Certain cancer treatments can temporarily weaken the immune system. This is because they can cause a drop in the number of white blood cells made in the bone marrow. Cancer treatments that are more likely to weaken the immune system are:
You can find information about the different types of cancer treatments.
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Drug Forms And Strengths
Stelara comes as a liquid solution that contains the active drug ustekinumab.
Its available as:
- a single-dose, prefilled syringe that holds 0.5 mL of solution and contains 45 mg of ustekinumab
- a single-dose, prefilled syringe that holds 1 mL of solution and contains 90 mg of ustekinumab
- a single-dose vial that holds 0.5 mL of solution and contains 45 mg of ustekinumab
Stelara is given as a subcutaneous injection. It can be given in your upper arms, thighs, belly, or buttocks.
Your healthcare professional may give you Stelara injections at a medical clinic. They may also show you how to self-inject Stelara at home.
Note: Stelara also comes in a vial that contains 130 mg of ustekinumab. This vial is used for a one-time intravenous infusion of Stelara. Its used to give the first dose of the drug to people with Crohns disease or ulcerative colitis. This one-time infusion is called a loading dose or an induction dose. This IV infusion will take place over at least 1 hour. Each dose of Stelara after the IV infusion is given as a subcutaneous injection.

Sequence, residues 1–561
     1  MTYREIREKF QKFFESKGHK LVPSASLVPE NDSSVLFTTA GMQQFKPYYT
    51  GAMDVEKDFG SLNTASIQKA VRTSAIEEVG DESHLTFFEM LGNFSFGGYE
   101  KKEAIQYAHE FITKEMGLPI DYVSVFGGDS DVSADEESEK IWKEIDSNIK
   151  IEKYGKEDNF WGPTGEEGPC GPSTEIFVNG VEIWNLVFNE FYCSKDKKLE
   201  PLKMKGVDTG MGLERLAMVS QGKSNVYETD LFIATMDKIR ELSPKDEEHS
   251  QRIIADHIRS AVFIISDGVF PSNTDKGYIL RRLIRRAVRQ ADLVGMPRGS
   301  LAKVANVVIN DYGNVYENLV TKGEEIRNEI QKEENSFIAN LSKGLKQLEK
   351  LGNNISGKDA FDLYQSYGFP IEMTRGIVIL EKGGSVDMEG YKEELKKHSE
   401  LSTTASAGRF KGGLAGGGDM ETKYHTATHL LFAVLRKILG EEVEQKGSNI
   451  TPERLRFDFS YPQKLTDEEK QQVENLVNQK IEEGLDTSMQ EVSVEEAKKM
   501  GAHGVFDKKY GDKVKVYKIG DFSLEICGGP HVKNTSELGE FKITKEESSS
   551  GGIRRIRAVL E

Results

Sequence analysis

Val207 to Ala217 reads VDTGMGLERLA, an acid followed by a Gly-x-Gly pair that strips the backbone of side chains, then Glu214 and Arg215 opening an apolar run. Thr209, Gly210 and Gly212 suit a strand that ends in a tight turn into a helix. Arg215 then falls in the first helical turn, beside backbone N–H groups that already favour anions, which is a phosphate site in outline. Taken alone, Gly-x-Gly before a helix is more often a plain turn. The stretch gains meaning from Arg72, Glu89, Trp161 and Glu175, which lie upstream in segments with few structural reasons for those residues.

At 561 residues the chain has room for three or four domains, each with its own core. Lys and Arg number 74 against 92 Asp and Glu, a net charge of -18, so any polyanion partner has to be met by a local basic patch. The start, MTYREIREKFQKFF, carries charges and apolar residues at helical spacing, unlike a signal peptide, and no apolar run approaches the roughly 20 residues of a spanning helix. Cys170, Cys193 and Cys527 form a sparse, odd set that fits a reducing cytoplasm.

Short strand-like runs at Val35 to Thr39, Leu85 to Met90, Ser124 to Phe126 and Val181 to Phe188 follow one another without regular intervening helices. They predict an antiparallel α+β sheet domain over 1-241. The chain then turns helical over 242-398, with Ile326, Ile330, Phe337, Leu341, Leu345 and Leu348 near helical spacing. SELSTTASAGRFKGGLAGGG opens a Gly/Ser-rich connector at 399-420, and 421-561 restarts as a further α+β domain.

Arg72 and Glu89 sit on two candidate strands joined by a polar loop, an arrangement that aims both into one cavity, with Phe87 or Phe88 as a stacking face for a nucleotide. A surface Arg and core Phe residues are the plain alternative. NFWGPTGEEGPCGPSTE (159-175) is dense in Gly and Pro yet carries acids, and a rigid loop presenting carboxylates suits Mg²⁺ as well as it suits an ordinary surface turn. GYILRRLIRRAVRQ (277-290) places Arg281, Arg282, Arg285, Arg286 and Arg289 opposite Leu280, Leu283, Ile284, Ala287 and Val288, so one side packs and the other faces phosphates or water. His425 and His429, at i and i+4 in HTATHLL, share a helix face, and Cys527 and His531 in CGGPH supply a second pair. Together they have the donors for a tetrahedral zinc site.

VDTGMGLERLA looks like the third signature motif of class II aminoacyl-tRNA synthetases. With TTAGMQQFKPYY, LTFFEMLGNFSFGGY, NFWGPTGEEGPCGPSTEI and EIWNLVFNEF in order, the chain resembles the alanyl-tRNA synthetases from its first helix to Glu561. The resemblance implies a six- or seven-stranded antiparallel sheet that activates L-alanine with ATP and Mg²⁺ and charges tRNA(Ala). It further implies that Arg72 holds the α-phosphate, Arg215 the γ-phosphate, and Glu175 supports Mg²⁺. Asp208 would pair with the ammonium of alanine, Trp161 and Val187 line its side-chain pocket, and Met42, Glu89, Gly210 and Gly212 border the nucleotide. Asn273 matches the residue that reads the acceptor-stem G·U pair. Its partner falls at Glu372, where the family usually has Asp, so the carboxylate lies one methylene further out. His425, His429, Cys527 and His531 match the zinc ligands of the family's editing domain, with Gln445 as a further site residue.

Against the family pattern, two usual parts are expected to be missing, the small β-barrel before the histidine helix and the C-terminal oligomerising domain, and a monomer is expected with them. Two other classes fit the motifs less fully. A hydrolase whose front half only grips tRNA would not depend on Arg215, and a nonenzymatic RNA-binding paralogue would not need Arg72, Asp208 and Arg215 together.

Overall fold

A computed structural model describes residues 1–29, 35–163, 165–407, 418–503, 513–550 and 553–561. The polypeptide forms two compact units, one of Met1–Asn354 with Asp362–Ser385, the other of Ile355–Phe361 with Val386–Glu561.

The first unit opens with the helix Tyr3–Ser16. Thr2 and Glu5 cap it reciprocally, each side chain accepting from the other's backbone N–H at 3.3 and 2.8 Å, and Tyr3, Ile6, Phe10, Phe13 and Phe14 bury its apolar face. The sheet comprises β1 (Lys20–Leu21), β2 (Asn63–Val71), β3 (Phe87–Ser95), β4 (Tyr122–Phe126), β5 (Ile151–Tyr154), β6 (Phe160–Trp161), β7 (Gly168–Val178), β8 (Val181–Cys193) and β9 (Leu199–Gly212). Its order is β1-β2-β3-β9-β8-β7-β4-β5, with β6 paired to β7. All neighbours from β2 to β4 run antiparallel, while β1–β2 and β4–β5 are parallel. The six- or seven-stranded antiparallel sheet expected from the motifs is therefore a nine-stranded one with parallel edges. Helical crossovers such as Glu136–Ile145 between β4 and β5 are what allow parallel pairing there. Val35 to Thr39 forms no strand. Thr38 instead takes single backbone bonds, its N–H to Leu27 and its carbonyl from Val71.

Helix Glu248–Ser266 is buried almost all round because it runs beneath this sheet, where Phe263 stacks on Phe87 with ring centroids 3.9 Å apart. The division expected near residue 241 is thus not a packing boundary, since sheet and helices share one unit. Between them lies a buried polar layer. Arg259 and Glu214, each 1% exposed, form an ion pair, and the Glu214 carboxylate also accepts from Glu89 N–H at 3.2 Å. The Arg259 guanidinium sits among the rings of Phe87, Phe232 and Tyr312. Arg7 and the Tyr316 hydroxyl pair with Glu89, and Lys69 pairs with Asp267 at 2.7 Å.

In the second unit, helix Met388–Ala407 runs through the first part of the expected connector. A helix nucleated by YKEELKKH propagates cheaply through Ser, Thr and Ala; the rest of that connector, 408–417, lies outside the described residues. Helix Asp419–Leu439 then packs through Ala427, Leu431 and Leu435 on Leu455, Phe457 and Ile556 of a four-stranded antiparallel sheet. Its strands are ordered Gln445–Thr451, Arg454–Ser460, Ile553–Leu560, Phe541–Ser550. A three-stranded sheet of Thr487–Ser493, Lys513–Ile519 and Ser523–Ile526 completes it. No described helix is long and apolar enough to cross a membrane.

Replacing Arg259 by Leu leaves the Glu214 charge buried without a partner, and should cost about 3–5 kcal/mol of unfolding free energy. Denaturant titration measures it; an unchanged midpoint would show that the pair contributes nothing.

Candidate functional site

In Built Immune Protection
This is also called innate immunity. These mechanisms are always ready and prepared to defend the body from infection. They can act immediately . This in built protection comes from:
- a barrier formed by the skin around the body
- the inner linings of the gut and lungs, which produce mucus and trap invading bacteria
- hairs that move the mucus and trapped bacteria out of the lungs
- stomach acid, which kills bacteria
- helpful bacteria growing in the bowel, which prevent other bacteria from taking over
- urine flow, which flushes bacteria out of the bladder and urethra
- white blood cells called neutrophils, which can find and kill bacteria
Different things can overcome and damage these natural protection mechanisms. For example:
- something may break the skin barrier, such as having a drip in your arm or a wound from surgery
- a catheter into your bladder can become a route for bacteria to get inside the bladder and cause infection